Monday, September 24, 2007

Hallas, Zeyo, That's It, Ya'll...

My two months of intensive Hebrew came to a sputtering close today as I sat staring at a Hebrew text, chewing the eraser of my pencil, and scratching my little goose brain, wondering why I didn't recognize about every other word in each sentence.  "Oh, god, this hurts...", I thought to myself in English.  I looked over at the hyper-active, Korean chic next to me who hasn't been able to pronounce a single word correctly for the past two months, but never fails to know everything at all times and makes a dramatic effort to extend this little factoid to everyone around her, including me.  This is because I am her direct competition in the class, the only other student that generally gets things the first time.  Meanwhile, looking at the page before me, the precious Hebrew characters I've been eating, sleeping and breathing all summer resembled nothing more than a jumble.   I knew that if I just allowed myself to be patient, then something would start to make sense.  In this instant, however, I regretted not getting enough sleep last night. I also regretted the fact that I drank too much tea this morning.  Again, I scoffed at the no-bathroom rule that was imposed on us by the proctor of the exam, an older woman with orange hair who fascistically took it upon herself to dramatically relieve us of our backpacks and cellphones before the exam began.
 
In my last ditch effort to make some sense of the text that would determine my final grade, I decided to ask the test attendent to pronounce a few words for me.  Upon hearing these words, I replied in Hebrew: "But we did not learn any of these words in the class." 
 
"Of course you didn't," she snappishly remarked in her native language.  "You are suppossed to figure out the meaning. That's why it's called Reading Comprehension."
 
"Oh...right," I said, secretly imagining what would happen if I started throwing things.  "I didn't realize that it's my job to comprehend words that I have never seen before."
 
"Well, that's what you have to do.  Do you understand?," she countered.  I had to give it to this woman, she is the First Place Winner of the "Snappish Native Israeli" prize this week.  And here, I thought I was fresh out...
 
"Thank you so much for your help," I replied in a very passive-aggressive tone that I once used with the majority of my high school administrators.  Only a girl from the South can adroitly employ this technique and not get slapped or get kicked out of school for doing so.  I suddenly had a flash back to my Valedictorian days, which were consistently marred by my inability to simply walk a straight line.  I have a chronic rebellion disorder, and I need to work on this, I thought to myself with a chuckle.  Meanwhile, as I slumped back to my seat, I had to wonder why I wasn't being tested on my ability to communicate clearly in Hebrew. After all, didn't that conversation have some value in the external rubic for assessing my so-called knowledge of this language?  Yeesh.
 
"Good luck," the test monitor called after me.  I seriously wanted to kick her...
 
After twenty more minutes of staring at the text, the words began to unscramble and things began to make sense. At the very least, I recognized nouns and verbs, which allowed me to bullshit my way through the answers.  I flew through the rest of the exam and patiently reminded myself just to do my best and stop beating myself up for not knowing every single word.  I'm not a linguist.  I didn't come here to be an expert in Hebrew.  I know what I know.  I have nothing to prove...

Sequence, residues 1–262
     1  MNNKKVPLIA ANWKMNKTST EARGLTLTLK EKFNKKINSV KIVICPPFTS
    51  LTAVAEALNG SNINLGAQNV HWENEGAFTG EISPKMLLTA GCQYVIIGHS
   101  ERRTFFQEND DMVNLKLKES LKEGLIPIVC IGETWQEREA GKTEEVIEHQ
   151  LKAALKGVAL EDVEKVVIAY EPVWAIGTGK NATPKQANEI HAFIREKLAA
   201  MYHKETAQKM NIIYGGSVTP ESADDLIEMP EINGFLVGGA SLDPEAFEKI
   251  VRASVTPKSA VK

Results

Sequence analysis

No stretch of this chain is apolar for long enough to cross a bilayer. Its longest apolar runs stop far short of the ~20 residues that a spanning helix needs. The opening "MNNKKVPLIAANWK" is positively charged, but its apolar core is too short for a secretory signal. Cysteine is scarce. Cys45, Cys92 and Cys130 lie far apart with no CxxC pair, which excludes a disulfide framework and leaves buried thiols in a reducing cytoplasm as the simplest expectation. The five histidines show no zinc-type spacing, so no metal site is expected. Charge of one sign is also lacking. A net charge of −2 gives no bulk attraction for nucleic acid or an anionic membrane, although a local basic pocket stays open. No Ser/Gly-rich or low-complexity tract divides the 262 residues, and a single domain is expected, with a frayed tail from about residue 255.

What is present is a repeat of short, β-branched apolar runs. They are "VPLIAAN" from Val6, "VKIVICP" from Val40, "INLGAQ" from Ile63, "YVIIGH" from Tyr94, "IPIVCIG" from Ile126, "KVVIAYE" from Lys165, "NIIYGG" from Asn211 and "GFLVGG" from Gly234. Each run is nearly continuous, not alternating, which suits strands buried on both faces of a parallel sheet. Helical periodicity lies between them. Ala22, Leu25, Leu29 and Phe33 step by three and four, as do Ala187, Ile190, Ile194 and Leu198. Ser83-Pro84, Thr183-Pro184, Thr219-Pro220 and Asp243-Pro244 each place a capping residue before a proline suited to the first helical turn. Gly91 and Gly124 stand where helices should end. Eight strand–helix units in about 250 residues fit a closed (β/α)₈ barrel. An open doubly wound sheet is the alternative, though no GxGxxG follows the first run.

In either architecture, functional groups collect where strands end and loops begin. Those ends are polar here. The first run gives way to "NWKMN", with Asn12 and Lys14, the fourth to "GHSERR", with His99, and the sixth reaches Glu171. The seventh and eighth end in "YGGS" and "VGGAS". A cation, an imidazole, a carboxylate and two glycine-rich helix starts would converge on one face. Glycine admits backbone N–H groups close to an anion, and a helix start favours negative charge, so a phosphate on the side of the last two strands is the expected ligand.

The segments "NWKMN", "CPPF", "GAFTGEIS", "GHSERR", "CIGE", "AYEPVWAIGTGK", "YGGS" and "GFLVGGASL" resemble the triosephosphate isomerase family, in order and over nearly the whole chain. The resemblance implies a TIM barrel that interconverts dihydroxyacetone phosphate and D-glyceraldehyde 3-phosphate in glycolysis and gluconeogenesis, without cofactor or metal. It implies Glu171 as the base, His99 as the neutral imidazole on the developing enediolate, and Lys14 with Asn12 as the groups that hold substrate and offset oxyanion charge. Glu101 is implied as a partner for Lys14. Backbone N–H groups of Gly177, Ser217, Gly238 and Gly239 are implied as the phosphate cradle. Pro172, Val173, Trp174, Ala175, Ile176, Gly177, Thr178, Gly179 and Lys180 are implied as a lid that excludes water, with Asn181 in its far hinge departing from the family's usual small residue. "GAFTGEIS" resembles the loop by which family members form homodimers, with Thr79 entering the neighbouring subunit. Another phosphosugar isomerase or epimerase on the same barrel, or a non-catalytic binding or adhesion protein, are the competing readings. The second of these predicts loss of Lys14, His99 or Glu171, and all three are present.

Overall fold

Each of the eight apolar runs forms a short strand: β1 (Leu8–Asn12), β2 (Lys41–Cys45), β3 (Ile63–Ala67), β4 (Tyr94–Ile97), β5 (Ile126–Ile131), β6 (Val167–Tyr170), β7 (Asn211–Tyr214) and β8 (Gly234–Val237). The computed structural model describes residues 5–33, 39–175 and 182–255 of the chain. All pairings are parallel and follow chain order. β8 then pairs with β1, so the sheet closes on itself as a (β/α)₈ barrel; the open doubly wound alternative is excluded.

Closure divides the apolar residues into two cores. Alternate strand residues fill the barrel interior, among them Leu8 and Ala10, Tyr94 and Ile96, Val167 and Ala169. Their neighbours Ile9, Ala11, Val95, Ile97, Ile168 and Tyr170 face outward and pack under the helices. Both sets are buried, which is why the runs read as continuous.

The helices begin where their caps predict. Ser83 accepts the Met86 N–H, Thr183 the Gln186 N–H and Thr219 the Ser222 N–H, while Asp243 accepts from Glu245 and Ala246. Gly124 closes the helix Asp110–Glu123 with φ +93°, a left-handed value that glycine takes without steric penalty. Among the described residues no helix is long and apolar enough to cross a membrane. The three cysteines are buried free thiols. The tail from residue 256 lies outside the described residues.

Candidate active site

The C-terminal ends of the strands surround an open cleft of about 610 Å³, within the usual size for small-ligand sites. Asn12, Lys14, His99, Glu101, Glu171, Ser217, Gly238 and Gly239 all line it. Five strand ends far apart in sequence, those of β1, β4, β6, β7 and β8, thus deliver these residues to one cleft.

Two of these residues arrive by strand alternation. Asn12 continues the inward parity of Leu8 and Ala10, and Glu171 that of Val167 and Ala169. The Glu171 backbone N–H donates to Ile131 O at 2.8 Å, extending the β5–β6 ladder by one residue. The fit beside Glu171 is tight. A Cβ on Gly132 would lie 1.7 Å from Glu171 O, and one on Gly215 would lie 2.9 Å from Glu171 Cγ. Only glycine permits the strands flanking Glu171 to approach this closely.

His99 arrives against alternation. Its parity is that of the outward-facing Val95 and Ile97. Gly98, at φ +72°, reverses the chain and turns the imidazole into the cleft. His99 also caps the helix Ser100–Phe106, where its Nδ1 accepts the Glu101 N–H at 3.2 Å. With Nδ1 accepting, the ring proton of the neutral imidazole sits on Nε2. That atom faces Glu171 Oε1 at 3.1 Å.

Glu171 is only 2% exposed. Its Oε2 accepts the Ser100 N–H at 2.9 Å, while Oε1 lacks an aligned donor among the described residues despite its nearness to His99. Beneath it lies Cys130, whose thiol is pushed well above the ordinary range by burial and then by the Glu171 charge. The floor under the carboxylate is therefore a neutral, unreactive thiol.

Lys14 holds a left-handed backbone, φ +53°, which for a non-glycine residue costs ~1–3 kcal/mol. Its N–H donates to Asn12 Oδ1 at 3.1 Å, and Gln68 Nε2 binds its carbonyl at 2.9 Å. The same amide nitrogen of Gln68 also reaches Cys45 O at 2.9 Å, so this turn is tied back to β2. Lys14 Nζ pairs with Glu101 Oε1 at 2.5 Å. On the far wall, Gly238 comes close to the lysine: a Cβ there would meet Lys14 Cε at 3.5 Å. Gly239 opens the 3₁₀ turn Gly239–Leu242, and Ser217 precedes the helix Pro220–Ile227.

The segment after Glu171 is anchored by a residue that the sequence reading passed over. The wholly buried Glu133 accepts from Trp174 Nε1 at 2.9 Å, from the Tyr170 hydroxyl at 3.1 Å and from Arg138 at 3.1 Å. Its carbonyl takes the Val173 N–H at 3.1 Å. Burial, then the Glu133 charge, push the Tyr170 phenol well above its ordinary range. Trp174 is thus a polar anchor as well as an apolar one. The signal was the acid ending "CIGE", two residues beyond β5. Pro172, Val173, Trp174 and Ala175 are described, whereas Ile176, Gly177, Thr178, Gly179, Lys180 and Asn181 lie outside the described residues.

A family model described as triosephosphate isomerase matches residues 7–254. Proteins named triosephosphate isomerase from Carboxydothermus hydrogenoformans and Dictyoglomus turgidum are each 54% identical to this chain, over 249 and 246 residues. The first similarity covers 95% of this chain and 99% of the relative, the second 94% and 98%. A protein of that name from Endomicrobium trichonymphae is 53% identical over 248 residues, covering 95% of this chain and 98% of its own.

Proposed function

The good news is that it's over. It's over, and the next leg of my journey is now upon me.  I've added another language to my repetoire, and somehow I'm simply at a loss for words.

7 comments:

VJ said...

Congrats N, & I hope you'll have fun at the borders. Cheers & Good Luck, 'VJ'

Laura said...

After spending 7 months learning Czech and now 2.5 months speaking it every day as my job, I'm still amazed at how freakin' hard it is! One would think that hearing something every day, it would just start to magically make sense. The truth is that I have no idea what people are saying when they use words I've never heard or speak so fast I can barely make out the words themselves. Usually a simple "slow down, please" and attempting to rephrase what was just said works pretty well. But knowing that we have limits and just trying to work within those limits while at the same time expanding them is not easy. Learning a new langauge isn't just that, it's learning a new way to think. Anyway, *I* think that it's cool you're learning two at once.

Good luck!

Anonymous said...

vj,
I always enjoy reading your comments, so please don't stop!
however...
I am just curious...when do you sleep? your comments seem to be posted in the "wee" hours of the morning!
cheers & good luck to you too, vj!

Namaste said...

when does VJ sleep?

VJ said...

VJ has a light sleeping schedule due to many extraneous factors. Have fun at the reception N! Cheers & Good Luck, 'VJ'

gyal said...

Hi Namaste,
I can't really remember how I found your blog some months ago but just wanted to let you know that I have been following your journey, and while I don't know you, it has been quite amazing to read. Especially for a person like me, more of an armchair traveler than anything, and also someone unable to do what you do - get out there and engage, as you say. Thank you for sharing with us. :)

Jay said...

Aaack! The exam proctor from gehenna. Bravo to you for sweating it out, and congratulations to your friend on her wedding. Do enjoy yourself these next few weeks. You've certainly earned them. -- J